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3 Trends Shaping the Workforce of the Future

January 23, 2019

Workforce of the future

Trends taking hold in business today offer us a view of the future workforce—one that will require new approaches to work from individuals and organizations. Alexandra Levit, a workplace expert and futurist, discussed three trends affecting the workforce of 2030 in a podcast with AMA Edgewise.

Levit, the author of Humanity Works: Merging Technologies and People for the Workforce of the Future (Kogan Page, 2018), refers to these trends as the “three Cs”: collaboration, customization, and creativity. In her AMA interview, she shared some insights into the emerging workforce:

Collaboration. By 2030, teams will be assembled on a short-term basis to solve specific problems, then disbanded once those issues are addressed. “You might work with someone for two days who you’ll never see again,” Levit said. “And so…establishing bonds with people who you have short-term relationships [with] becomes very important.”

As machines become increasingly sophisticated, we’ll also see hybrid teams of humans and machines. Levit cautioned that as companies incorporate machines into their business, they must consider not only the cost perspective but also the potential impact of data-driven decisions on their corporate reputation. Humans must be in the loop, she said, because “machines don’t have morality.”

Collaboration will be impacted by the growing use of remote teams and contract workers as well. The trend toward contract work is moving quickly, Levit said, with about a fourth of the global workforce already working for multiple employers. Companies need systems to manage various aspects of the contract workforce. And as automation affects jobs and more people work for themselves, they must be prepared to market themselves and develop their skills to succeed in the new environment.

Customization. People will have customized careers in the future workforce, as opposed to following, for example, the career path taken by their boss. “Everyone’s going to be required to have a wide bench of cross-functional expertise so that you can play a lot of different roles within the company,” Levit said. She added that “productivity wearables” will help managers determine what individuals do best.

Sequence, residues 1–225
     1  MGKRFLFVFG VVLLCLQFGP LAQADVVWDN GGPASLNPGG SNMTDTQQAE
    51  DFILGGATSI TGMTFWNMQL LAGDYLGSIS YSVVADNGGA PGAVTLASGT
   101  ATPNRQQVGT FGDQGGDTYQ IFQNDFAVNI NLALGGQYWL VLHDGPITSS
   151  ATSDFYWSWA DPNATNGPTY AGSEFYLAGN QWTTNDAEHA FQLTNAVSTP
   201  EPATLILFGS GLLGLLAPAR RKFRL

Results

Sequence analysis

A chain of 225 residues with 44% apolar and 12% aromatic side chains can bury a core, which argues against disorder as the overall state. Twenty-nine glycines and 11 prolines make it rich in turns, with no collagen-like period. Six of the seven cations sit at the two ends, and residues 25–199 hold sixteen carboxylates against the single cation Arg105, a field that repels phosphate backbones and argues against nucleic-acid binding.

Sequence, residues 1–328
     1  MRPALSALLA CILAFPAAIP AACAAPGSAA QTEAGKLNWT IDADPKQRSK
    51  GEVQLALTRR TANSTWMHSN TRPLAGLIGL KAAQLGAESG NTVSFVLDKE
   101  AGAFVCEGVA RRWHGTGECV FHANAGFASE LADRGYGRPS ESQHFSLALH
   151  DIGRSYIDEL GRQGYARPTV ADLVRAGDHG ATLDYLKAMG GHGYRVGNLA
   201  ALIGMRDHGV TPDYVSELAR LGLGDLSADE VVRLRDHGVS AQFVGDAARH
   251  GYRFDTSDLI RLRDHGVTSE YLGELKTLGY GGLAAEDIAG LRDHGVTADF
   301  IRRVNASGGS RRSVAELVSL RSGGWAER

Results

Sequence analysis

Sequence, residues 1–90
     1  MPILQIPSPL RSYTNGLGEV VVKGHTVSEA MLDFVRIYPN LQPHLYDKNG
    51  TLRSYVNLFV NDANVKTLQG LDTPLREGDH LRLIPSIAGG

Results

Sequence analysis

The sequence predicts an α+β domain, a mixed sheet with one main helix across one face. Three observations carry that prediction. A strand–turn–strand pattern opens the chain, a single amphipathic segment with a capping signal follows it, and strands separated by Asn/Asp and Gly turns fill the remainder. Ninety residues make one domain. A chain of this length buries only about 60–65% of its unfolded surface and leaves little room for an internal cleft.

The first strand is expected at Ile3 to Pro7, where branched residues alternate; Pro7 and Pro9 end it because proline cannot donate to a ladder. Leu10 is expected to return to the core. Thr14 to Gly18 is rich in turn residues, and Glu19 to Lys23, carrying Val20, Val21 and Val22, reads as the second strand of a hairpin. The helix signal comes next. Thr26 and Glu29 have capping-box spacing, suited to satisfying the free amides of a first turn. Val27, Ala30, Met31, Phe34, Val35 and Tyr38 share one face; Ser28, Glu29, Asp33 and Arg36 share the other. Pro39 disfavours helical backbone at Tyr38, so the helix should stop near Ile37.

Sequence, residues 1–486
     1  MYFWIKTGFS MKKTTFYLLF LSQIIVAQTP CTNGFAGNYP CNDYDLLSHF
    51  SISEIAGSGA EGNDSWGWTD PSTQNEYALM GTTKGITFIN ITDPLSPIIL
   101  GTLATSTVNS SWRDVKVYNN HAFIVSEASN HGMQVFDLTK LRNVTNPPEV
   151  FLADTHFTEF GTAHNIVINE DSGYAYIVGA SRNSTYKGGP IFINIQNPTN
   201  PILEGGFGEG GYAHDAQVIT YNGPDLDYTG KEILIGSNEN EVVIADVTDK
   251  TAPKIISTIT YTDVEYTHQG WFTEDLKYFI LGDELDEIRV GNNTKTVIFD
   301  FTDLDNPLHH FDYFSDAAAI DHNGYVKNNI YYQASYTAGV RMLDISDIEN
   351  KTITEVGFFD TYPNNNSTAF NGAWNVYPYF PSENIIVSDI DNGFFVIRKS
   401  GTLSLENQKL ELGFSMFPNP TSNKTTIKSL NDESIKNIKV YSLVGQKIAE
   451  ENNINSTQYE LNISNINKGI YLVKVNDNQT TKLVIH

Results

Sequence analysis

Creativity. In the age of smart machines, Levit said, “creativity is probably the most important skill that human beings can bring to the table.” It takes human creativity to determine whether a new product is authentic, what motivates people, and how morality affects decisions.

Employees need to be creative regardless of their jobs, Levit noted. For tech people who haven’t used creative skills, whose jobs may be in danger of being automated, it’s important to focus on creativity and the associated skills, such as intuition, judgment, empathy, and interpersonal sensitivity. “We really need to [practice these skills], because those are where human beings are going to add value in the future,” she said.

For more insight into the future workforce, listen to the podcast with Alexandra Levit.

Visit the AMA Edgewise archives for other podcasts.

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American Management Association is a world leader in professional development, advancing the skills of individuals to drive business success. AMA’s approach to improving performance combines experiential learning—“learning through doing”—with opportunities for ongoing professional growth at every step of one’s career journey. AMA supports the goals of individuals and organizations through a complete range of products and services, including seminars, Webcasts and podcasts, conferences, corporate and government solutions, business books and research.

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